On 15 March 2012 the Dutch competition authority (“NMa”) has published its annual report. It is the first time that only a digital version of the annual report is available. The annual report provides a selection of the most important news items of the past year. In addition the NMa provides a schedule with key figures and an extensive explanation of its field of work. The NMa has divided its report in different sectors.
The NMa identifies the following sectors in its annual report: agriculture, industry and construction, financial and business service, trade, services and transport, network sectors and media and (health)care. The NMa provides a short explanation about each sector and describes the (pending) cases per sector.
Striking is that in 2010 the NMa imposed fines concerning infringements of competition law for a total amount of Euro 137 million. In 2011 “only” for a total amount of Euro 39,7 million fines were imposed. 6 cartels were fined, amongst which cartels of traders of immovable property, collectors of ocean shipping waste and the National General practitioners Association (‘Landelijke Huisartsen Vereniging’). In 2 cases the NMa has imposed fines to persons who gave instructions or exercised de facto leadership to competition law infringements. In addition, the NMa intervened in 2 cases without imposing fines. One of these cases is the adjustment by the travel trade organisation ANVR of its General Agency conditions after the NMa started an investigation. In addition, the NMa made clear in a discussion with the Royal Dutch Society for Physiotherapy (‘Koninklijk Nederlands Genootschap voor Fysiotherapie’) that collective actions in the direction of health insurers involve competition law risks.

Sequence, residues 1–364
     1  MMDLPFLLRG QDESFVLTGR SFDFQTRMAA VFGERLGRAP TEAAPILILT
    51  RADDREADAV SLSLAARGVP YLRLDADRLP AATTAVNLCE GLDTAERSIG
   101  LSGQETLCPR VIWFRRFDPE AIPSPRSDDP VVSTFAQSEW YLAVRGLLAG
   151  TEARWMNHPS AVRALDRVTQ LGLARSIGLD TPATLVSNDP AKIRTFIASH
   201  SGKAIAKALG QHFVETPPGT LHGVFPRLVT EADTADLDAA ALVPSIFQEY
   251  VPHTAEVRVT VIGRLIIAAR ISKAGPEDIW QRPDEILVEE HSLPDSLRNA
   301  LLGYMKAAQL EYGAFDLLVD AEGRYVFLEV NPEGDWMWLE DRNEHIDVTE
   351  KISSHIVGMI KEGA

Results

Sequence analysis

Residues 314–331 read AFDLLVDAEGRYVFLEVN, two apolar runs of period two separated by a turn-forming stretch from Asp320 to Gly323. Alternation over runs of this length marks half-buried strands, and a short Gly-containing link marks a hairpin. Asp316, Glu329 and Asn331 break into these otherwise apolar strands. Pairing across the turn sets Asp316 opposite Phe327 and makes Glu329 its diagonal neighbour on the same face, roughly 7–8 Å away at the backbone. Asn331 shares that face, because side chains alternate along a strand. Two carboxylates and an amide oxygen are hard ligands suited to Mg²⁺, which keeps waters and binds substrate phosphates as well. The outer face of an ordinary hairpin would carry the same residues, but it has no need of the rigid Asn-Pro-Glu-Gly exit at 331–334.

The NMa received in 2011, 98 notifications of mergers, acquisitions and joint ventures (together ‘concentrations’). A concentration needs to be notified to the NMa if the turnover of the undertakings involved exceeds the turnover thresholds laid down in the Dutch competition act. In that case the NMa considers whether the concentration will effect competition in the Netherlands or a part of it. The most concentrations were approved by the NMa. In 5 cases the undertakings concerned needed a license before they were allowed to implement their concentration. An undertaking needs to request for a license when it appears that the concentration may have an effect on competition and the NMa wishes to investigate those effects further before approving the concentration.
The NMa receives from the ministry of Economic affairs, Agriculture and Innovation a budget for personal and material costs. The NMa did not exceed the budget for 2011. The NMa accounted Euro 29 million of receipts in 2011. The largest part of these receipts arise from imposed fines in 2011 and previous years.
In the annual report extensive attention is paid to the new regulatory authority the Authority Consumer and Market (‘Autoriteit Consument en Markt’ hereafter ‘ACM’). The ACM will get five separate departments which will together perform the regulatory tasks. The new regulatory authority will start on 1 January 2013 by joining the NMa, the Consumer authority and the Independent mail and telecommunications authority. Currently a substantive law is pending in which the procedures, tasks and powers will be streamlined and simplified. The current plan is that this legislative proposal will be submitted to the House of Representatives in the course of 2012 and will enter into force on 1 January 2014.